Alex Tresniowski
March 12, 2001 12:00 PM

The time had come for Dale Earnhardt Jr. to start his engine—or more precisely his H little gas-powered, radio-controlled race car. On Feb. 24, six days after the death of his father, Dale Sr., in the final lap of the Daytona 500 and the evening before Dale Jr. would race in the Dura-Lube 400 in Rockingham, N.C., the boyish 26-year-old joined a few pals outside his motor coach and laughingly ran his toy car all over a Rockingham parking lot. “Dale Jr. is different in personality than Senior,” says a friend, referring to the imposing older Earnhardt. “But fans see something in him they can identify with.”

Never more so than in the days after Daytona, when Dale Jr. exhibited a grace beyond his years. “I miss my father, and I’ve cried for him,” he told reporters two days after the funeral in Kannapolis, N.C. “I just try to…remember that he’s in a better place.” The following Sunday Dale Jr. climbed into his red No. 8 Chevy Monte Carlo and carried on the family tradition at the North Carolina Speedway. Incredibly, on the very first lap he was bumped from behind and spun head-on into a concrete wall, an accident frighteningly reminiscent of the crash that killed his father. The son, however, walked away with only bruises and vowed to race again. “The past week we’ve seen a much more mature Dale Jr.,” says a member of his racing team. “Being that Junior’s so strong helps a lot of us.”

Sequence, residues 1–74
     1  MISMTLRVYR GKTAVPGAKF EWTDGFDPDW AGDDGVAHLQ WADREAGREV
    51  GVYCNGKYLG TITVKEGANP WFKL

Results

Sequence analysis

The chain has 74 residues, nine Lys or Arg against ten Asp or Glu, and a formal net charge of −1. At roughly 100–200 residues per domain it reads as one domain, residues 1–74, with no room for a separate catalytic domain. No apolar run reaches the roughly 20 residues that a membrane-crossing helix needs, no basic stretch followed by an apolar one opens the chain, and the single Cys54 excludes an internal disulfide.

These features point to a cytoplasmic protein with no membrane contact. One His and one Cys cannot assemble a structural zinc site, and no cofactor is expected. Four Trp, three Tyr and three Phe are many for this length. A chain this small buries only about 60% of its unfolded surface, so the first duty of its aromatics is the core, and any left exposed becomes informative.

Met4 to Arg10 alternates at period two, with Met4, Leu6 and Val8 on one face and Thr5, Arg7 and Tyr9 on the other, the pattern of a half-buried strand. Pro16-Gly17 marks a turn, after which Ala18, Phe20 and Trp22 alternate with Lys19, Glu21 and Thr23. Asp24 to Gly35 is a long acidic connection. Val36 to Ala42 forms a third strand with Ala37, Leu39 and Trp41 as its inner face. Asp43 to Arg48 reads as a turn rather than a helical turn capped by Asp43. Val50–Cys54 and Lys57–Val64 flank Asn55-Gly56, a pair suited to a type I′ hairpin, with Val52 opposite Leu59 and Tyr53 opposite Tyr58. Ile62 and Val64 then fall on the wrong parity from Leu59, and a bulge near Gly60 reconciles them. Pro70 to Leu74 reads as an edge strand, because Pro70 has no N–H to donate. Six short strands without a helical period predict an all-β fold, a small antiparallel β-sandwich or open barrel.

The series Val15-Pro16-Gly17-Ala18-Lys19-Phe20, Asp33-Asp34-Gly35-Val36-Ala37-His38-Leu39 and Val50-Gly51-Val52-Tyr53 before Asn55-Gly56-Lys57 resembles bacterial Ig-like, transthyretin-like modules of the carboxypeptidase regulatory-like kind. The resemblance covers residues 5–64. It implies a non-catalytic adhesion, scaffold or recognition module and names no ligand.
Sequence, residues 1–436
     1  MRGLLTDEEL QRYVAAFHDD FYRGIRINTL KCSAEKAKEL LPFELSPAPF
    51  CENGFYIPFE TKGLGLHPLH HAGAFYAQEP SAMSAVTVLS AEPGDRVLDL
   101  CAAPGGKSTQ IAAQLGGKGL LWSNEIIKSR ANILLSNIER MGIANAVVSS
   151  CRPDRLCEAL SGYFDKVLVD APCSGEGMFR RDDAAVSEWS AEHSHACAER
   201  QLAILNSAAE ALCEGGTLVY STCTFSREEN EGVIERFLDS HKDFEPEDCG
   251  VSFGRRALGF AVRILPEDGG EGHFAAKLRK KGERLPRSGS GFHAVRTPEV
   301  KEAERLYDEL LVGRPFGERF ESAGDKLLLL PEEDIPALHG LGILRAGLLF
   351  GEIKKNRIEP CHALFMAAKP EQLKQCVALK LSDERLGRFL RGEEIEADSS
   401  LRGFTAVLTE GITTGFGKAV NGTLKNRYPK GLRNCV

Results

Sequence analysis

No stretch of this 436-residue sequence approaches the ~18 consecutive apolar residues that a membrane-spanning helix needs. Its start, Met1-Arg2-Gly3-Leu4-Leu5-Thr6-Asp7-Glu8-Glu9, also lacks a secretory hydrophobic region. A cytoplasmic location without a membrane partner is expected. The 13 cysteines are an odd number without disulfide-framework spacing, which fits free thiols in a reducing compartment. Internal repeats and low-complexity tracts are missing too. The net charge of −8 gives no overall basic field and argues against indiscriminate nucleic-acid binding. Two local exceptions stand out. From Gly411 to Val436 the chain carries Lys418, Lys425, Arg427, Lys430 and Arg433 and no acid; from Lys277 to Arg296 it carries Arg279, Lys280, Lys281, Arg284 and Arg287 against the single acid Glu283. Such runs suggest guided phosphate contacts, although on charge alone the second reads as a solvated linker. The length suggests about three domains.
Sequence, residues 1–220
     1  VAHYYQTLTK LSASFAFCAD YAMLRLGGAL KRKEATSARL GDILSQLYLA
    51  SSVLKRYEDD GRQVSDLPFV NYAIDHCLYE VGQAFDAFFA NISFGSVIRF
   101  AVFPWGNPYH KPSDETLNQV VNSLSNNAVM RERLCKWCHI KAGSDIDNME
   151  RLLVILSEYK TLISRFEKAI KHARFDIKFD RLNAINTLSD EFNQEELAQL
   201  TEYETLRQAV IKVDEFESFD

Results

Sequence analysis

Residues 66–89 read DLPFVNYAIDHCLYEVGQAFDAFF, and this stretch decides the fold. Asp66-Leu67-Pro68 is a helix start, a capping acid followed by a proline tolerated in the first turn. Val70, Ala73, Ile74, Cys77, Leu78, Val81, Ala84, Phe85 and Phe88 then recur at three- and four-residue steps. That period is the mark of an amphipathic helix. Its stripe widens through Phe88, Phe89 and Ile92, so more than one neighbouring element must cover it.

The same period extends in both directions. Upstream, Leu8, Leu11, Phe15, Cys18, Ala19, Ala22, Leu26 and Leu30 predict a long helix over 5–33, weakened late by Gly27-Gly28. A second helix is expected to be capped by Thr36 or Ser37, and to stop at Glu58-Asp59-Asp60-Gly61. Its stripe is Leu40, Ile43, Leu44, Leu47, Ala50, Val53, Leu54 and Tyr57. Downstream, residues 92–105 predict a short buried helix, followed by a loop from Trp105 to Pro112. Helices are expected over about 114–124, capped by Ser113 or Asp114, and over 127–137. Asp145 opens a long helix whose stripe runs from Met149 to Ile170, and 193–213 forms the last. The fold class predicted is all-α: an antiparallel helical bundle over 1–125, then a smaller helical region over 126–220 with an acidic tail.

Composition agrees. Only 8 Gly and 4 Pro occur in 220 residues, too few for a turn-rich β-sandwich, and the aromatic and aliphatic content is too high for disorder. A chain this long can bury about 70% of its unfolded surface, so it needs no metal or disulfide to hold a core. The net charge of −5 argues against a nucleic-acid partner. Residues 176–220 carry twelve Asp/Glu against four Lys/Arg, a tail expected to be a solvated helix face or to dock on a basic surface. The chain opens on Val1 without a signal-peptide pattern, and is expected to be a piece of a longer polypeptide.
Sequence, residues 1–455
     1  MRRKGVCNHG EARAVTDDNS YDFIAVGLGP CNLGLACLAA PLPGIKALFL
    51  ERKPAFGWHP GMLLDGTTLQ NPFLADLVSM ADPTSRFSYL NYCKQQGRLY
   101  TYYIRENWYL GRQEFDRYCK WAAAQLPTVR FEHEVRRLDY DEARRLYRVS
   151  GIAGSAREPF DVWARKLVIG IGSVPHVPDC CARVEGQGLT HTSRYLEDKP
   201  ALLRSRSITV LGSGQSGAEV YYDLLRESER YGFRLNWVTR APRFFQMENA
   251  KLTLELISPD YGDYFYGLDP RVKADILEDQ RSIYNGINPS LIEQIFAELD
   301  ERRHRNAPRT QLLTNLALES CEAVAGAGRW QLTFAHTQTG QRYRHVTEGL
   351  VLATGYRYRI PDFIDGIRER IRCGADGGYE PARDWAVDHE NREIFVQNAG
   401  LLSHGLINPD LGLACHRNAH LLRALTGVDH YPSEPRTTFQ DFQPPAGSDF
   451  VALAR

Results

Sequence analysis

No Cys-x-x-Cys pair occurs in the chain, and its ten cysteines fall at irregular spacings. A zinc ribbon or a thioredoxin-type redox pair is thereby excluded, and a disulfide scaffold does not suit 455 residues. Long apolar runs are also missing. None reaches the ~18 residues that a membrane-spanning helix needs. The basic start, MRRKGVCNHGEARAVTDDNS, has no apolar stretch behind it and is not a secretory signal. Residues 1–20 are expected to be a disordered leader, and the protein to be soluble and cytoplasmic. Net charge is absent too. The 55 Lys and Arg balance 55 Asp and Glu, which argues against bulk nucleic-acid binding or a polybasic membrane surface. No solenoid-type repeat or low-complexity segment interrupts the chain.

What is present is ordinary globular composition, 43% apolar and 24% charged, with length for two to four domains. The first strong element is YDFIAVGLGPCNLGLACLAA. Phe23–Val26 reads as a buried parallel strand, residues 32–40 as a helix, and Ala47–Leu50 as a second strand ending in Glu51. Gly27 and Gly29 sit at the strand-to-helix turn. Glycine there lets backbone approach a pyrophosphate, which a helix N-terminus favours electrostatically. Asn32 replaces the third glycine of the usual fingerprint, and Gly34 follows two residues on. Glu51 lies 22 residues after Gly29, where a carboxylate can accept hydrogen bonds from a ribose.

Partial to baggy pants, backwards caps and rap, he is—save for racing—no chip off the crusty old block. “He just enjoys hanging out and playing video games,” says his pal Josh Snider, 22, one of a small pack of friends who get together in Dale Jr.’s three-bedroom house in Mooresville, N.C. Born to Dale Sr. and his second wife, Brenda, who divorced when their son was 3, Dale Jr. and his father grew closer than ever in recent years, thanks to racing. After Dale Jr. won his first Winston Cup event in April 2000, the Intimidator, as his hard-driving father was known, ran from his own car, crushed his son in a bear hug and said through tears, “I love you.”

So it was that Dale Jr. returned to the track so soon after the man he called Daddy had died. “He’s still a kid,” says NASCAR driver Jeff Gordon, 29. “It’s got to be devastating to go through something so unexpected and so huge. Probably the best thing for him is to get in that race car so he can just drive.” After a memorial that saw fans in the stands and pit crews join hands in prayer, Dale Jr. did just that, albeit briefly. (Steve Park, also driving a car owned by Earnhardt Sr.’s company, won the rain-delayed race the next day.)

On his own now, Dale Jr. seems ready for the challenge. Never again, though he might wish he could, will he make the mistake he made at last year’s all-star Winston race near Charlotte, where he heard the crowd cheering wildly and turned to look for his father. Only then did he realize that the cheering was for him.

Alex Tresniowski

Don Sider and Michaele Ballard in Rockingham and Nancy Wilstach in Kannapolis and Mooresville

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